My mom’s dog Ellie on her perch keeping watch
For many months now my family has been struggling to understand why my seventy-four-year-old mother was so sick and what we could do to help make her better. She has a somewhat rare form of COPD called bronchietasis, the cause of this illness is not well understood and unfortunately the treatment for it has been limited and unsuccessful. For quite some time we have been walking that heartrending line that those with serious illness and their families must walk, that difficult path where hope and acceptance meet and retreat then meet again. My mother has grown weary of the dance. She has stepped over to acceptance and she is asking us to do the same and so we are going to begin hospice care.
I sit and talk with her about her death now. She wants to know how long it will take. I tell her I don’t know but we will do everything we can to keep her comfortable. She says there are things she wanted to do, get organized. I tell her that she is still here and we can still do them. She says she wanted to write each of her children a goodbye letter. I tell her that she can dictate the words and I’ll write them down for her. She says she wanted to clean out the desk and throw away old bills. I reassure her that my dad will take care of that. She told me that her little dog Ellie is going to miss her and I said, “Yes, you’re right mom, she really is going to miss you.”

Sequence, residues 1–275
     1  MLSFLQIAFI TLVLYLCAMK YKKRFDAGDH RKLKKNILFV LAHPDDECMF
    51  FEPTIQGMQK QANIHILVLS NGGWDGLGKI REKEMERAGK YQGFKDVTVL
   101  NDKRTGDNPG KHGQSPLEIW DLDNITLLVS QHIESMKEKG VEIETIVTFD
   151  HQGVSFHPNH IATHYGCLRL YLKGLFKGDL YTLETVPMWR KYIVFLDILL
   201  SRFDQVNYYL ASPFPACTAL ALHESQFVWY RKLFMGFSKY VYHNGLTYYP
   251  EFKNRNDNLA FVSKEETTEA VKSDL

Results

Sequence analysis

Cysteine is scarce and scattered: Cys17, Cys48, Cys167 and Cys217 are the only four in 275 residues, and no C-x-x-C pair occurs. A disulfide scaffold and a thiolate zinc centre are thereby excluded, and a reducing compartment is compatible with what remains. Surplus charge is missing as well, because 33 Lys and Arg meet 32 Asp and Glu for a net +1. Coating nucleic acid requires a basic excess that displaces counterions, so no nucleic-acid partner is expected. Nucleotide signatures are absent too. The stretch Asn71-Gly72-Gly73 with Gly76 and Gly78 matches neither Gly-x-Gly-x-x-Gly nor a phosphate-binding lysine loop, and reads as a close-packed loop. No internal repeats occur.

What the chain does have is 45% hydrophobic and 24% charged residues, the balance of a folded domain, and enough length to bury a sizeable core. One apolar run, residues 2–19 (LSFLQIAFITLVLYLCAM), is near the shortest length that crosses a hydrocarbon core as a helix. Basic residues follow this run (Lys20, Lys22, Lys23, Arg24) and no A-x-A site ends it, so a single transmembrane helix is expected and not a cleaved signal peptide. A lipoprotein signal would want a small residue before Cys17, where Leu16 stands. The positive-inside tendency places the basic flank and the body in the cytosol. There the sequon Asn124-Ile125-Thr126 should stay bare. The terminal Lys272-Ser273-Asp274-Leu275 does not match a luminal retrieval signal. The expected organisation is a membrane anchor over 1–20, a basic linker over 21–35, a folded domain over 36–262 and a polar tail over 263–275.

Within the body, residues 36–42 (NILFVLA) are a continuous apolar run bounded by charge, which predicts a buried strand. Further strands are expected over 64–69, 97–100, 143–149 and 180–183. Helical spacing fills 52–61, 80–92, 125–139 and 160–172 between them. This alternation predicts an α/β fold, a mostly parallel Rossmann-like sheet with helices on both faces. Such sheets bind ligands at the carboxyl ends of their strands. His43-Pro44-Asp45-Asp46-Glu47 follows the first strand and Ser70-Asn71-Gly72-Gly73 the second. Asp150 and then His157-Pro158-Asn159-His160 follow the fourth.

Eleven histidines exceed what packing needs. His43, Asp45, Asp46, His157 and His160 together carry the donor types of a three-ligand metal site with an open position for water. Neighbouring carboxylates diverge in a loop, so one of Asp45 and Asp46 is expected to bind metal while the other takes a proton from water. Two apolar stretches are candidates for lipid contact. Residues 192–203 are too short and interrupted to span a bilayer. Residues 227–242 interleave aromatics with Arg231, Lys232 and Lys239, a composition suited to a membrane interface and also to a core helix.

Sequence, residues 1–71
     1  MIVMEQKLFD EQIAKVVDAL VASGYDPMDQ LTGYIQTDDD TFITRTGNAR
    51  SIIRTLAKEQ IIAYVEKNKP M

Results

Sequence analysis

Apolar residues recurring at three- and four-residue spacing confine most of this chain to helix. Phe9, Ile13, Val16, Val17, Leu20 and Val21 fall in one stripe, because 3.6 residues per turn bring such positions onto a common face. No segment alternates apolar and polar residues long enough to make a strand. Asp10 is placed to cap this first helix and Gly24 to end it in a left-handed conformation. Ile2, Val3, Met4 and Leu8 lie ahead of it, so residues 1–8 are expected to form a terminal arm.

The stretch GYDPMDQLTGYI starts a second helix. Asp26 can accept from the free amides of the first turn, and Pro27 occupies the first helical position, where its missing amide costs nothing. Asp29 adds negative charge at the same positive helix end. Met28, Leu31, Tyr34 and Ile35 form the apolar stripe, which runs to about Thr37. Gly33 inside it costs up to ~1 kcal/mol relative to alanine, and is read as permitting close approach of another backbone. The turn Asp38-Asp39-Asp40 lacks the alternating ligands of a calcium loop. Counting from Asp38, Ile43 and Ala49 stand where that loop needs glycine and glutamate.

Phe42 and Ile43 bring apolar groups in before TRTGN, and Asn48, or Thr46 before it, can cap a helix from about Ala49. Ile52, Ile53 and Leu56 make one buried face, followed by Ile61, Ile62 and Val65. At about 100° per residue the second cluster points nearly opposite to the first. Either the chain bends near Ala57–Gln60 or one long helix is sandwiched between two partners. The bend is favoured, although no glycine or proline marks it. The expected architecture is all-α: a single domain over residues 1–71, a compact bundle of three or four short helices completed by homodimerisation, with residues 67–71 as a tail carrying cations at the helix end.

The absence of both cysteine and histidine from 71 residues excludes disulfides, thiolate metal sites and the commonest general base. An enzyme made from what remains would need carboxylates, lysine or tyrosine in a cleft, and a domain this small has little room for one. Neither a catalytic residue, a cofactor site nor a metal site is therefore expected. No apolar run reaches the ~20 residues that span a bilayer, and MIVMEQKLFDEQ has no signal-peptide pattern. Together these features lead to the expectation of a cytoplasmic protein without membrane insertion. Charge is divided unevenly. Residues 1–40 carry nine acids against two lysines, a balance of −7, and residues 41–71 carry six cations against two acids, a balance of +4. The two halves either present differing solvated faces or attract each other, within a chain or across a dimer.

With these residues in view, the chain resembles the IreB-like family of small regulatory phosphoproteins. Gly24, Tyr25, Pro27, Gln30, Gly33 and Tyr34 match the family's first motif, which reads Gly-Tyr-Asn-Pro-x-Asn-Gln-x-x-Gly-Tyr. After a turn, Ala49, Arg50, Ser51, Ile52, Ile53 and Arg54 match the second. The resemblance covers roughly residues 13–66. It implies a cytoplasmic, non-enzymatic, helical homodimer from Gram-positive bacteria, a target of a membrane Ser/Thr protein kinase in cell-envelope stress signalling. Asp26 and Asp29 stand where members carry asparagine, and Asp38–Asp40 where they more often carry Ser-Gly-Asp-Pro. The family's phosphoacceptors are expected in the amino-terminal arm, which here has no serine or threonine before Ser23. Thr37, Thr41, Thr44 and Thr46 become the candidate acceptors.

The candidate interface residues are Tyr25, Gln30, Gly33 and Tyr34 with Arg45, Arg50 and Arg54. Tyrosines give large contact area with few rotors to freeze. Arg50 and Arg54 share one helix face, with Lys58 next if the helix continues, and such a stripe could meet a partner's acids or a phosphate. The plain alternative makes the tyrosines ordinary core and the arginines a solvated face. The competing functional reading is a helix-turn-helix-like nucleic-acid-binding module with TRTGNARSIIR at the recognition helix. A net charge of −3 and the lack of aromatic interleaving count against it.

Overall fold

I could add a few words of wisdom about now, something about it all being okay because it’s the natural cycle of life, or she’s crossing over to a better place, or she’s had a good long life. And sometimes that is how I feel. But the truth is, most of the time it’s not okay. My mom is dying and any way you look at it…it is simply unacceptable.
*I wrote this post the day before my mother passed away. It’s been two months now and I just came across it while cleaning up my draft files on WordPress. This Saturday we are having a big open house in honor of my mom and I really do look forward to seeing family and old friends we don’t often get to see anymore. I’m still searching for those words of wisdom that will make everthing okay, but the thing is I want to lay my head down on my mother’s lap, feel her stroke my hair gently, and hear them from her.